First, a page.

EM Simulation of Toroidal Inductor using JMAG®


Toroidal inductors are electronic components constructed from a wire coiled around a magnetic (iron) core. They have a wide range of applications including high frequency coils and transformers. Toroidal inductors can also be used for measurement of magnetic characteristics, as an alternative to the solenoid coil. This case study takes a high resolution scan of a toroidal inductor and builds a finite element mesh of the structure and surrounding air. High frequency magnetic simulations are performed to analyse the current and flux density, as well as distributions, through the inductor which cannot be observed directly. The simulation results are very useful for product verification and redesign, and it will help the development of high accuracy electromagnetic simulation.


  • Based on micro CT data
  • Segmentation tools to aid separation of materials
  • Accurate reconstruction of fine topology
  • Artificial generation of wire extensions and surrounding air for analysis
  • EM simulation through inductor using JMAG

Thanks to

Yosuke Iijima, Taiyo Yuden Co., LTD. 


Image Processing

The toroidal inductor was scanned using a TUX-3200 Tohken Co.,Ltd. CT x-ray inspection machine, at a resolution of 17µm. The images were imported into ScanIP where the core and wire segmented and reconstructed. In addition, the image was padded to generate an appropriate air boundary for the later analysis. The size of the air region was configured by considering the leakage flux. In cases where magnetic flux has wide leakage it is necessary to expand the air region sufficiently. The wire was then artificially extended to the boundary, through this added layer of air.

Mesh Generation

A smooth, high quality, conforming multipart volume mesh of the coil was created using the +FE module. Initially the default coarseness slider was used to achieve the required mesh resolution. After this, some parameters were manually adjusted to tune the mesh further. These included the maximum allowed mesh size, the internal change rate, and the number of elements across layers. This allowed meshes to be created ranging from around 100,000 to 1,000,000 elements.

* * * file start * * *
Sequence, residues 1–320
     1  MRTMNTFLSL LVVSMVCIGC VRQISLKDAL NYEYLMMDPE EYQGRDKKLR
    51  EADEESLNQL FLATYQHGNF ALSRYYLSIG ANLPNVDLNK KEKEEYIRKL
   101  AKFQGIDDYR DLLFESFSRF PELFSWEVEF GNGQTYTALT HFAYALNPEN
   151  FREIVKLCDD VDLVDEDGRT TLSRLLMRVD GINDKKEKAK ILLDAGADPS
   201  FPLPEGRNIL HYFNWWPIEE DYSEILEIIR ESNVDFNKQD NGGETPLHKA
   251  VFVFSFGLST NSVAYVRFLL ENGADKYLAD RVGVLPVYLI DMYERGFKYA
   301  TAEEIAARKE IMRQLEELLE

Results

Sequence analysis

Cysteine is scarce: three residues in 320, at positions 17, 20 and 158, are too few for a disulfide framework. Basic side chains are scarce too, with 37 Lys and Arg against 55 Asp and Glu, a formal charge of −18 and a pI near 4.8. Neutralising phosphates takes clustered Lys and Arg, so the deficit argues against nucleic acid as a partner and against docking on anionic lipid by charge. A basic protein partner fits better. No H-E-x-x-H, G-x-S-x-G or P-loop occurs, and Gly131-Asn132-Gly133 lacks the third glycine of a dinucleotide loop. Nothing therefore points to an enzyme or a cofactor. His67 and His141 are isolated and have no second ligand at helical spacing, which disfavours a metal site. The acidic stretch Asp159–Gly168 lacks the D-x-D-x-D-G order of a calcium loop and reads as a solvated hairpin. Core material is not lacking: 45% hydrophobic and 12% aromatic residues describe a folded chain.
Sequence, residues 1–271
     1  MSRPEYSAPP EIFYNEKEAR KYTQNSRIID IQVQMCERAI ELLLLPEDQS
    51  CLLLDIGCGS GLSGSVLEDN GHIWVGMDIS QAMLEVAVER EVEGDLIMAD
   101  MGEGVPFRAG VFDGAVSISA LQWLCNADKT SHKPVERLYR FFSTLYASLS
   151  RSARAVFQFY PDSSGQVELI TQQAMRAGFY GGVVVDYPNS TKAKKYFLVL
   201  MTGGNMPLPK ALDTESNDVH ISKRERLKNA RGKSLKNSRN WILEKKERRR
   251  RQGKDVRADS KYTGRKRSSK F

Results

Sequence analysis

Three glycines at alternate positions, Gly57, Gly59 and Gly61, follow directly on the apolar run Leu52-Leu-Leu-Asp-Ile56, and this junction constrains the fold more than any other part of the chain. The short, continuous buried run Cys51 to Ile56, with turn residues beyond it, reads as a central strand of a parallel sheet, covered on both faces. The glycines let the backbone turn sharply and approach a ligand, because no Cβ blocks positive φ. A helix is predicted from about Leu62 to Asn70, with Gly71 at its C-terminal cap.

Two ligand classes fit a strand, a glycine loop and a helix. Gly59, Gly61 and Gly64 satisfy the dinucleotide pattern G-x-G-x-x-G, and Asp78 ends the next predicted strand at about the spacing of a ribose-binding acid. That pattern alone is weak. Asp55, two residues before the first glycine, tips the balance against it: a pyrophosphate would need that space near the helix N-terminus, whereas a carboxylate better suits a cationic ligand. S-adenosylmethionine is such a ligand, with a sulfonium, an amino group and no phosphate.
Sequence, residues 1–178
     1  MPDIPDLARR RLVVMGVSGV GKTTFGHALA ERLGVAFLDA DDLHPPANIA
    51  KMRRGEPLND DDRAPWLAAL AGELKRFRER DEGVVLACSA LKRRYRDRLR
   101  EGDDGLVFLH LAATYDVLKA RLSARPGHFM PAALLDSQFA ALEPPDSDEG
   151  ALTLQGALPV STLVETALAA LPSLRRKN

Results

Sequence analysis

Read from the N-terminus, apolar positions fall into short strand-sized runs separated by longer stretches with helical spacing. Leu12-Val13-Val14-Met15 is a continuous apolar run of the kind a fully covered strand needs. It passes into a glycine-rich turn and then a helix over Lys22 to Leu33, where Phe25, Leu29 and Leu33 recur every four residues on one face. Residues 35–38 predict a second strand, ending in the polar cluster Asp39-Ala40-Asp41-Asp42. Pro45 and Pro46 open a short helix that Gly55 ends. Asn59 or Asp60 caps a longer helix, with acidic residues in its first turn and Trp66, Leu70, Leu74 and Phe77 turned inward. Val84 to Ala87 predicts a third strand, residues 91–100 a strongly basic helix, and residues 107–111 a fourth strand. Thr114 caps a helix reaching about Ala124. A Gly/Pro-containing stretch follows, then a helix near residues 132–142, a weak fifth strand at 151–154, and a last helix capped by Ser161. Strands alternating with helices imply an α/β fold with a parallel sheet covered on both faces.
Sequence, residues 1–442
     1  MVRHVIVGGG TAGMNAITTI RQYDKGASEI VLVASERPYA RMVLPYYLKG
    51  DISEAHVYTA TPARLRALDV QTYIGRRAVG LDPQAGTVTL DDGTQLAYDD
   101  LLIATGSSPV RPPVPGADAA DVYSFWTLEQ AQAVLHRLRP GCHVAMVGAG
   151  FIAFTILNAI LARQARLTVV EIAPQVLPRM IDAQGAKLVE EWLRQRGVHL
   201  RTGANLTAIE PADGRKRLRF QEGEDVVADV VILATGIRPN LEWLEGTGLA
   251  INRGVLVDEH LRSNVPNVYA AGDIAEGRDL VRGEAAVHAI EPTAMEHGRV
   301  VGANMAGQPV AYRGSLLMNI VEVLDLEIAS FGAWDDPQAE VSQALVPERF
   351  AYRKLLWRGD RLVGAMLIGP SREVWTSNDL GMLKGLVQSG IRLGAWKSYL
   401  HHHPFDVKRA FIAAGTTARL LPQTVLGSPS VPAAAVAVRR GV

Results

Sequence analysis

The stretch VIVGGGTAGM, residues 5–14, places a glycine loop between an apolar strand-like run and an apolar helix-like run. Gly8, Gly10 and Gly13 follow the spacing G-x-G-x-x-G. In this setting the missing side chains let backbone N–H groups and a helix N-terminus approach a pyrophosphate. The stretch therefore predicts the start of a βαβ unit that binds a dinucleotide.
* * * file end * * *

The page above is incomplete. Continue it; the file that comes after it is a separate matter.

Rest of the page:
The generated mesh was exported in Nastran format and read directly into JMAG for simulation. The simulation conditions were set within JMAG, defining the permeability of the ferrite core and conductivity of the copper wire, with symmetrical boundary condition assigned at the boundaries. 

Current density and magnetic flux density were predicted and visualised. This non-destructive analysis calculates phenomena that cannot be easily measured and thus provides an insight into the operation of the coil. Conventional measurement methods have proved unsuitable for predicting the magnetic phenomena of these small components. 

The simulation gives the designer more information on structural design and material, where conventional measurement methods are not suitable. JMAG analysis can be extended to investigate many other characteristics including thermal and structural performance. This technique is widely applicable to the evaluation of various electronic and magnetic components.